Before talking about discipline and motivation, I want to give you a quick update on the most recent 30 Day Challenge. As many of you know I do periodic learning challenges in life and then write about them here at the site. So far I’ve learned all the countries of the world, gotten SCUBA certified (followed by some amazing diving in Anguilla) and learned to make croissants with my wife.
My next challenge was to learn how to use a new presentation software called Prezi. I’ve spent some time teaching myself to use it, with mixed results. I have the basics down, but the presentations I have created so far are less than mind blowing. Not only that, but my typical 30 day window has grown to about 90. In today’s post, I go into a few of the reasons why this challenge has been less than successful so far and what key lesson we can learn from my struggles that will apply to any big goals we set in life.
Discipline vs. Motivation
“If you want to build a ship, don’t drum up people together to collect wood and don’t assign them tasks and work, but rather teach them to long for the endless immensity of the sea.” ~ Antoine de Saint-Exupéry
As I thought about my struggles with the most recent challenge, I realized that there was a significant difference between it and the first three: I actually wanted to do the first three! For example, I had a desire to learn to SCUBA dive. I practically skipped to the classes each week. The same is true for the countries and croissants. They were fun, interesting and things I wanted to do. On the other hand, Prezi was something that I felt like I should learn so that I could communicate my ideas more effectively when presenting, but it wasn’t really something that I had a burning desire to do. At the core it came down to a difference between discipline and motivation.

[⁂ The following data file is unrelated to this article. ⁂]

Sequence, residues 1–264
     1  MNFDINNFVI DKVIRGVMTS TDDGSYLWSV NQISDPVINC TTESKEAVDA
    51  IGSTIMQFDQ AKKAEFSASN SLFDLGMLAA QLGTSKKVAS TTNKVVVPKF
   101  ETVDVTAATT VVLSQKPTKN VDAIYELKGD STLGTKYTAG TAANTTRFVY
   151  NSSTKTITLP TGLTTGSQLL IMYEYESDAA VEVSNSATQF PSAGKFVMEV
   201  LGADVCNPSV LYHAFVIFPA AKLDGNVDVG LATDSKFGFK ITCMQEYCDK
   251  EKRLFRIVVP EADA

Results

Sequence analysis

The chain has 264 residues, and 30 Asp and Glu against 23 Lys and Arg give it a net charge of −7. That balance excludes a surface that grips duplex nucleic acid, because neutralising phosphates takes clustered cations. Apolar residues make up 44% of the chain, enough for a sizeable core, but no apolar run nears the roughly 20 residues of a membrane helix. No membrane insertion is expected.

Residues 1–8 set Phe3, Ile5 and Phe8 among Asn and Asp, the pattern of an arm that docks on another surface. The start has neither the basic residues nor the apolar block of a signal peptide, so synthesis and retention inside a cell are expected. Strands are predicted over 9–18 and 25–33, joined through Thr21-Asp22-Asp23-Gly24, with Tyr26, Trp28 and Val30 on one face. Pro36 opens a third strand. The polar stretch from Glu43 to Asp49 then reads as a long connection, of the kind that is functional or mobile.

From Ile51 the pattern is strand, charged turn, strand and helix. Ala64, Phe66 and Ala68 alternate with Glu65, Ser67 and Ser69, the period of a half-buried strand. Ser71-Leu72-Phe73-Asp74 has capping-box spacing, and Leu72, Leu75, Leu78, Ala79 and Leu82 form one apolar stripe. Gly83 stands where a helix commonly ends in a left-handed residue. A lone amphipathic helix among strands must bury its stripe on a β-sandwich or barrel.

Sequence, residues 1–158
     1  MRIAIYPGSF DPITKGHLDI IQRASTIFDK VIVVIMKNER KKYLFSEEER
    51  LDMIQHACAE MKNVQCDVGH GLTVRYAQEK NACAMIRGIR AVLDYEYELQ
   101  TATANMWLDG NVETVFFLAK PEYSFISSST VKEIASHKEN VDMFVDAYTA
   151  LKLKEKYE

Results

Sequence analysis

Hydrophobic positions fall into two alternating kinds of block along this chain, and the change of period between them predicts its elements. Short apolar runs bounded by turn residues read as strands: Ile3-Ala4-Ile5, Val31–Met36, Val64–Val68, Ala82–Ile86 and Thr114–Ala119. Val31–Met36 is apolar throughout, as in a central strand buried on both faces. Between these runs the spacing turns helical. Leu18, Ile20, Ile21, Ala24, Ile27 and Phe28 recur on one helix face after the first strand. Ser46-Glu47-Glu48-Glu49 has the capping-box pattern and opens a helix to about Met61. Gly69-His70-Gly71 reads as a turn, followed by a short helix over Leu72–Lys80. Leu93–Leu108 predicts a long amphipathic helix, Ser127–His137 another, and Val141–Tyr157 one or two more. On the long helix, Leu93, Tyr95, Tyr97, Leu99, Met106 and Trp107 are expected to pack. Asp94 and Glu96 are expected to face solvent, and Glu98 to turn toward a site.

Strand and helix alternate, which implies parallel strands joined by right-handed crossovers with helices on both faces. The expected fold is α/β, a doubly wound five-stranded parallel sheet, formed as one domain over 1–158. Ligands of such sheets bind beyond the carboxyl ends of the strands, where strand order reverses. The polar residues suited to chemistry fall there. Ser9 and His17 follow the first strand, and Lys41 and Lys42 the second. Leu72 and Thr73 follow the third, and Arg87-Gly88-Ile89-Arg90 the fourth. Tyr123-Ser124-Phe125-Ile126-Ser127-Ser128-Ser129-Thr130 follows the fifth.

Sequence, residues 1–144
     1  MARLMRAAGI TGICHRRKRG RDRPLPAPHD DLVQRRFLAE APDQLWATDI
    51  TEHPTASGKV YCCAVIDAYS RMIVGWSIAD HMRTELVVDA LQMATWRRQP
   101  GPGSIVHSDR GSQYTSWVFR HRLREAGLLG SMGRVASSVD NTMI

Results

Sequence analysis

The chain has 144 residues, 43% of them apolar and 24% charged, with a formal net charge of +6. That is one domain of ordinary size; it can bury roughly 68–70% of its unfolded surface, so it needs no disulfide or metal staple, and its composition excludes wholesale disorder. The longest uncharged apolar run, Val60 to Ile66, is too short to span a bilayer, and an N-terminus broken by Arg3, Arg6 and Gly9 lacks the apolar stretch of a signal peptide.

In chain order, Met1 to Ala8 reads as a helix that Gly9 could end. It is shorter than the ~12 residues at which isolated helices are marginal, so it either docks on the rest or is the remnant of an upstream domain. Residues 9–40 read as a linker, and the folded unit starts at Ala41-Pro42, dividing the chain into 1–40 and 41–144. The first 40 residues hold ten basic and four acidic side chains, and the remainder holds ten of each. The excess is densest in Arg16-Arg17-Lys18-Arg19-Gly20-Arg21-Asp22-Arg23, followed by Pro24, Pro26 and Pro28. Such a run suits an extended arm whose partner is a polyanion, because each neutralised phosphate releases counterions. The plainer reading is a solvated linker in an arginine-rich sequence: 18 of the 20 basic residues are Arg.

In my mind, discipline is consistently doing what you don’t really want to do, but know that you should. Motivation is being impelled to do something that you actually want to do. One is forced and the other is natural.
Not surprisingly, I feel like we will all have more success in life if we actually focus on the things that we’re motivated to do rather than trying to find the discipline needed to overcome our lack of interest or desire. Sure, there will always be a place for discipline. It will help us eat right and get to the gym. It will help us set aside for the future. But we will be much more effective if we can actually focus our time and efforts on things that we’re already motivated to do.
The more motivation you have, the less discipline you need. The less discipline you need, the more likely it is that you’ll actually stick with it and accomplish what you’re trying to do. So as you think about your own life, don’t litter your day with things that you’re not already motivated to do. Focus on those things that you’re excited about. And if you come across something that you need to do, but you’re not excited about, try to come up with ways to inject motivation instead of just discipline. Find some friends to do it with you. Make it into a contest. Promise yourself some sort of reward. Do that, and you’ll achieve more than if you just rely on willpower alone.
I’ll cue up the next challenge soon, but for now I want to finish up with Prezi. My wife actually just learned to use it for a presentation that she needed to give. I told her that if she teaches me everything she knows I’ll finally get around to that guest bedroom remodeling project I’ve been promising. Hopefully, that will be all the motivation she needs.
How about you? Are you running into roadblocks with your to-do list? That could be a sign that you’re spending too much time focusing on things that you don’t actually want to do. Life is too short for that.